Locations Main Campus: Chesterfield, MO 63017   |   Locations
314-434-1500 314-434-1500   |   Contact Us

Multimedia Encyclopedia


 
E-mail Form
Email Results

 
 
Print-Friendly
Bookmarks
bookmarks-menu

Auscultation

 

Auscultation is listening to the sounds of the body during a physical examination.

Information

Auscultation is usually done using a tool called a stethoscope. Health care providers routinely listen to a person's lungs, heart, and intestines to evaluate these things about the sounds:

  • Frequency
  • Intensity
  • Duration
  • Number
  • Quality

Providers also use auscultation to listen to the heart sounds of unborn infants. This can be done with a stethoscope or with sound waves (called Doppler ultrasound).

Auscultation can also be used to hear pulses in the arms and legs.

 

References

Dorland's Online Medical Dictionary. Available at: www.dorlands.com/def.jsp?id=100010441. Accessed June 1, 2015.

Goldman L. Approach to the patient with possible cardiovascular disease. In: Goldman L, Schafer AI, eds. Goldman-Cecil Medicine. 25th ed. Philadelphia, PA: Elsevier Saunders; 2015:chap 51.

 
  • Auscultation

    Auscultation - illustration

    Auscultation is a method used to listen to the sounds of the body during a physical examination by using a stethoscope. A patient's lungs, heart, and intestines are the most common organs heard during auscultation.

    Auscultation

    illustration

    • Auscultation

      Auscultation - illustration

      Auscultation is a method used to listen to the sounds of the body during a physical examination by using a stethoscope. A patient's lungs, heart, and intestines are the most common organs heard during auscultation.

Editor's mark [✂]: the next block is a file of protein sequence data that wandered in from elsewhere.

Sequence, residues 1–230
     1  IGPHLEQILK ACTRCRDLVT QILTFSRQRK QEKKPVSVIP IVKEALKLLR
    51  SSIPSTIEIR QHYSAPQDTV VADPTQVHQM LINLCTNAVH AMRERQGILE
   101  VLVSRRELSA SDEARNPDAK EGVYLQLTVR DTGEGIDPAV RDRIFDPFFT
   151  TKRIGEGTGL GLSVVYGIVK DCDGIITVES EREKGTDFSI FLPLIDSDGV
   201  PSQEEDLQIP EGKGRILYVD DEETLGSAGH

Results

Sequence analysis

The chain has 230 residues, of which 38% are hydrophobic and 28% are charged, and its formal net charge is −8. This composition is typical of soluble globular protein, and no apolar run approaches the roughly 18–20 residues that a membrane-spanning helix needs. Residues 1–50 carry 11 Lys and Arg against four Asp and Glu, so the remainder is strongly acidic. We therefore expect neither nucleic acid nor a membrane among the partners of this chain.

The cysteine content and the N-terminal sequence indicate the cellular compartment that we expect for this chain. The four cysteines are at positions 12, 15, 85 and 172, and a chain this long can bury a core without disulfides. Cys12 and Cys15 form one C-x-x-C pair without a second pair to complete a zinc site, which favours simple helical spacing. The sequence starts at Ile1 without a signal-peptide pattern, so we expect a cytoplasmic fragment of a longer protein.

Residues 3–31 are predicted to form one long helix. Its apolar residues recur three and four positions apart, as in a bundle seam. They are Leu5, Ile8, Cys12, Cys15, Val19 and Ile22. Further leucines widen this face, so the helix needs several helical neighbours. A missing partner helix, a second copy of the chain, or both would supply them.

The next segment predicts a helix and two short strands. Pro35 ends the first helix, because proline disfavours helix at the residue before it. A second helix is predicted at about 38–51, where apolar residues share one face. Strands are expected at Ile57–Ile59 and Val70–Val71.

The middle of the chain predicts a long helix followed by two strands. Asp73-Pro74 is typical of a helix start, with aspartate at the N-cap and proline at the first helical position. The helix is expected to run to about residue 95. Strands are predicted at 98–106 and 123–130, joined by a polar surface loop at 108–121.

Auscultation

      illustration


     

    Review Date: 4/30/2015

    Reviewed By: Laura J. Martin, MD, MPH, ABIM Board Certified in Internal Medicine and Hospice and Palliative Medicine, Atlanta, GA. Also reviewed by David Zieve, MD, MHA, Isla Ogilvie, PhD, and the A.D.A.M. Editorial team.

    The information provided herein should not be used during any medical emergency or for the diagnosis or treatment of any medical condition. A licensed medical professional should be consulted for diagnosis and treatment of any and all medical conditions. Links to other sites are provided for information only -- they do not constitute endorsements of those other sites. © 1997- A.D.A.M., Inc. Any duplication or distribution of the information contained herein is strictly prohibited.
    adam.com

     
     
     

     

     

    A.D.A.M. content is best viewed in IE9 or above, Firefox and Google Chrome browser.



    Content is best viewed in IE9 or above, Firefox and Google Chrome browser.